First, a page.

speak with the committee at a later date, but he's too busy right now working on fixing the website. issa says he may consider subpoenaing parks. >> the political ramifications on this seem so large. now, talking about twitter, you and i were not optimistic enough, were we? >> no. no. i was a big bear and even you were on the conservative side. wow, what a showing we saw from twitter yesterday. >> amazing. twitter soaring on its debut generating a lot of enthusiasm. it was a down day for the markets. bob pisani was in the thick of it at the new york stock exchange. he's here to walk us through the action. >> ross, twitter took a long time to open, but when it did, it opened with a bang after pricing at $26, it opened at $45.10. after briefly trading at $50, settled down to roughly $45 to $48 for the rest of the day. but as the markets sold off in
the last hour, twitter came down, ending the day at 44.90 below the opening price. it was a mild disappoint to an otherwise very strong showing. now, one footnote, ross, this was the longest it ever took for the nyse to open an ipo. it didn't open until 10:47 a.m. the previous record was visa which didn't open until 10:17. the underwriters were insistent that they wanted to open at the right price and they didn't care if it took longer. ultimately, they were right. as for whether twitter is worth the $45 price, it's the wrong time to argue that point. we'll get a much better idea of what the public really thinks after a few weeks when this has had a chance to settle down. back to you. >> that's bob telling us how it was. jackie, just how much were people twitching, waiting for that first print to come through? bob talked about the long wait for everything. >> absolutely. after the facebook debacle, i think all ice were on the nyse
and this twitter ipo. i think the nyse wanted to make sure that they got it right and they took their time with it. while they were waiting, people were antsy to get that opening print. but at the same time, they felt confident that it was going to go smoothly and that is really what was important about yesterday's ipo. on another note, ross, i want to point out that yesterday the market was down significantly. bob pointed out that twitter sold off a little bit, but you have such a big spike on a sock like that where really the rest of the economic news wasn't so fantastic and you saw the dow sell off. it tells you how investors are thinking about these individual names and the nasdaq saw a big decline yesterday. >> jackie, whenever it starts for you, thanks for now, have a great weekend. >> you, too. now a recap of the headlines, the french disconnection hollande defends france's economic as s&p downgrades the country's credit rating. jobs friday is back. investors expect a weak october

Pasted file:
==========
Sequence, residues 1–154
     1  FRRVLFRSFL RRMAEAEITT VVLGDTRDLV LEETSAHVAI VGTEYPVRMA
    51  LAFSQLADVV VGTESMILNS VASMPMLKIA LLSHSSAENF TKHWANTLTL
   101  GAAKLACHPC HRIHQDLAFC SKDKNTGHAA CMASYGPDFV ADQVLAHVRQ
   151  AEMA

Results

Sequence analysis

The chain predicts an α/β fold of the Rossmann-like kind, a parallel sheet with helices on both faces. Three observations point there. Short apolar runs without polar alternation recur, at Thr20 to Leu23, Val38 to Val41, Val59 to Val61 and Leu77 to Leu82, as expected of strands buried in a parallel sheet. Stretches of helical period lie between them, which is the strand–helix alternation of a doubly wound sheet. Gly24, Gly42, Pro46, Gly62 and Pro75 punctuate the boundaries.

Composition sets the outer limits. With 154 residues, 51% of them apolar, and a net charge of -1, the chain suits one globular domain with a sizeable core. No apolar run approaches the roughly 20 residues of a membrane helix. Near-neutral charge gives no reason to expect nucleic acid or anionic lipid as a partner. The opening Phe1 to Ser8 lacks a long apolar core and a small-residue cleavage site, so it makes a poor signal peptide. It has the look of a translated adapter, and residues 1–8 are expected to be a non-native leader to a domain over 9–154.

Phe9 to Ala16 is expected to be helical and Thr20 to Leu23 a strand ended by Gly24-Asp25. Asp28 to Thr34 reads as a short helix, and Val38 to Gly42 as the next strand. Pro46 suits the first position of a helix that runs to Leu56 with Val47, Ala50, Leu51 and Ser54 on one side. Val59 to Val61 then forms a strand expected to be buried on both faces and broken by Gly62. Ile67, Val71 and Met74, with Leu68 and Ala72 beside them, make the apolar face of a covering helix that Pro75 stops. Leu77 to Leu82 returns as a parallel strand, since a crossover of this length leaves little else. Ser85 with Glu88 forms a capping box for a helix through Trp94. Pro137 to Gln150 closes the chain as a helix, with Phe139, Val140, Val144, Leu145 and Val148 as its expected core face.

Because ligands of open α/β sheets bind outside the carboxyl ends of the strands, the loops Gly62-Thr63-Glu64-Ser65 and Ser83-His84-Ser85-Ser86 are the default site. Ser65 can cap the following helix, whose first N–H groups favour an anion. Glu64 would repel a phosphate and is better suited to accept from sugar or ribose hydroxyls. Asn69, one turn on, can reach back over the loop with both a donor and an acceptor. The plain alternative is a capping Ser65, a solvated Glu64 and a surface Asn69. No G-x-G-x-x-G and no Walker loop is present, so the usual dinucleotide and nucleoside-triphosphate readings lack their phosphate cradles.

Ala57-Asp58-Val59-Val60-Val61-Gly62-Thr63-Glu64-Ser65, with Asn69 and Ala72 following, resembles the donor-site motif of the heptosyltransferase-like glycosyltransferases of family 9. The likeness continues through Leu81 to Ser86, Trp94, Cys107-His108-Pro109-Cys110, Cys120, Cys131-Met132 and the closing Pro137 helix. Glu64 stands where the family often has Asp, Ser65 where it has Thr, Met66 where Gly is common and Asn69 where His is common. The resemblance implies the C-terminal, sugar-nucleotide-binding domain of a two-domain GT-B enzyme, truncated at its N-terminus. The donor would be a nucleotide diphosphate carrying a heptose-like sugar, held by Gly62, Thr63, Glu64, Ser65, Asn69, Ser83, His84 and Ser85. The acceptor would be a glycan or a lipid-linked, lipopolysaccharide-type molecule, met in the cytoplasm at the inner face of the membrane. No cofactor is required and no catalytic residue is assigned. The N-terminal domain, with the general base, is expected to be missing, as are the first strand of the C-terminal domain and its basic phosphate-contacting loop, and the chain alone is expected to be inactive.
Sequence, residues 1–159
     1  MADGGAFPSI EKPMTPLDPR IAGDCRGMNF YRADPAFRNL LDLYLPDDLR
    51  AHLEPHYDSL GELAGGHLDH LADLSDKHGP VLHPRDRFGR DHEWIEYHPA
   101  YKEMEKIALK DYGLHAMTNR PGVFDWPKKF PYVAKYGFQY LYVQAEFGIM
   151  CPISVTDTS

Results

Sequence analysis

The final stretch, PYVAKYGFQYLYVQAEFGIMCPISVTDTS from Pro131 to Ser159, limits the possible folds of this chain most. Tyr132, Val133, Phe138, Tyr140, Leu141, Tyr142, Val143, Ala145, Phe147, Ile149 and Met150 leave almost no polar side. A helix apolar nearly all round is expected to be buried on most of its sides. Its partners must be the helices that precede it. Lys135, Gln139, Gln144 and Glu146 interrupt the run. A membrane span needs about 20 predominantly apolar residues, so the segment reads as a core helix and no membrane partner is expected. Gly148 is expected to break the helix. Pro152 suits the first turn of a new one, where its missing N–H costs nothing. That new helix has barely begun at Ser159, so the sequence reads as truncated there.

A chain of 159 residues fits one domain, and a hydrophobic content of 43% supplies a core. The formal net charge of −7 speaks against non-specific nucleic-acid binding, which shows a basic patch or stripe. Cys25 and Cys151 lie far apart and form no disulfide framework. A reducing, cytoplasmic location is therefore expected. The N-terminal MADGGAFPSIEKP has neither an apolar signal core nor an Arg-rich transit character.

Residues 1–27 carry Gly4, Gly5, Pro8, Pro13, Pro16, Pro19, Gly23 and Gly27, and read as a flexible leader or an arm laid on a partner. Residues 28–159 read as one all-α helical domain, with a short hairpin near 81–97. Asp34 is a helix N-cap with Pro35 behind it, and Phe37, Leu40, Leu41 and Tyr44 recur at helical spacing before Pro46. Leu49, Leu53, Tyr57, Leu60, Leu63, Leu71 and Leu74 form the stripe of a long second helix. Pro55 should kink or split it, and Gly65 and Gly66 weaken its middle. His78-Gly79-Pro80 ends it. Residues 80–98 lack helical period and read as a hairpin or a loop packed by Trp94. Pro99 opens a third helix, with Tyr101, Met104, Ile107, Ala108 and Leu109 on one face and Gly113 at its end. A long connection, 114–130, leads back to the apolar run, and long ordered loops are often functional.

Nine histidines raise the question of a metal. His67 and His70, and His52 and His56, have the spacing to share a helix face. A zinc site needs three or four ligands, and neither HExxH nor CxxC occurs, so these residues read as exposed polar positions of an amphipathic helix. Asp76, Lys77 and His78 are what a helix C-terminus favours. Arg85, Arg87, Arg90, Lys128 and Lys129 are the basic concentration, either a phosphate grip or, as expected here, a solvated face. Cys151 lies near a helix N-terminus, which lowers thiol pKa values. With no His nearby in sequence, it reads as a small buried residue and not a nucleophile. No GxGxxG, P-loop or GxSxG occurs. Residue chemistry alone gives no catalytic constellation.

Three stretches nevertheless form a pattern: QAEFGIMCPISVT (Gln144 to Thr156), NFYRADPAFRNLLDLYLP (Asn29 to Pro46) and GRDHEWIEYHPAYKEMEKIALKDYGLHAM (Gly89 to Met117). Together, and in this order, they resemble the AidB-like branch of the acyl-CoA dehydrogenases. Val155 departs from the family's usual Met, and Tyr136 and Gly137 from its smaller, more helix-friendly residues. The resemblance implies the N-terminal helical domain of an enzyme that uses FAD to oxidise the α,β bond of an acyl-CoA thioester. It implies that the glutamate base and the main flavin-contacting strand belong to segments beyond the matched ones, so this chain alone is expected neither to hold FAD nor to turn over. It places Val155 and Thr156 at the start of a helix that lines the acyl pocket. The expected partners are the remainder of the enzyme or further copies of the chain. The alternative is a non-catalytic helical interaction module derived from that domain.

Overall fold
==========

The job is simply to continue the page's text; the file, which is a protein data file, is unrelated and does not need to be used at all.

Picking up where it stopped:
report because of the u.s. government shutdown. and china's top brass are gathering in beijing as the country's exports indicate a continuing recovery. still to come, following a luke warm reception of the shanghai free trade zone, will the chinese president make any change to economic direction in this weekend? we'll be in beijing right after this. oin' on ♪ ♪ stacy's mom has got it goin' on ♪ ♪ stacy's mom has got it goin' on ♪ [ male announcer ] the beautifully practical and practically beautiful cadillac srx. get the best offers of the season now. lease this 2014 srx for around $369 a month with premium care maintenance included. ♪
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>> that's what a time of people here have been talking about. it's being touted as one of the most important moments in china's economic history. what we're going to see over the next couple of days is the chinese president xi jinping and about 200 or so of his communist part padres getting together behind closed doors in order to draft and come up with blueprint on economic reforms. now, in terms of the broad strokes, mainly this is going to be a path for china to be able to change its economic models, to really move away from investments and push further for a consumption led economy. so in terms of the type of policies people are hoping for macro policies that are pro consumption to social security, possibly some land reform. people have been talking about how they hope to see some type of movement towards dismantling state-owned enterprises. there's been a lot of discussion about how there's a big need to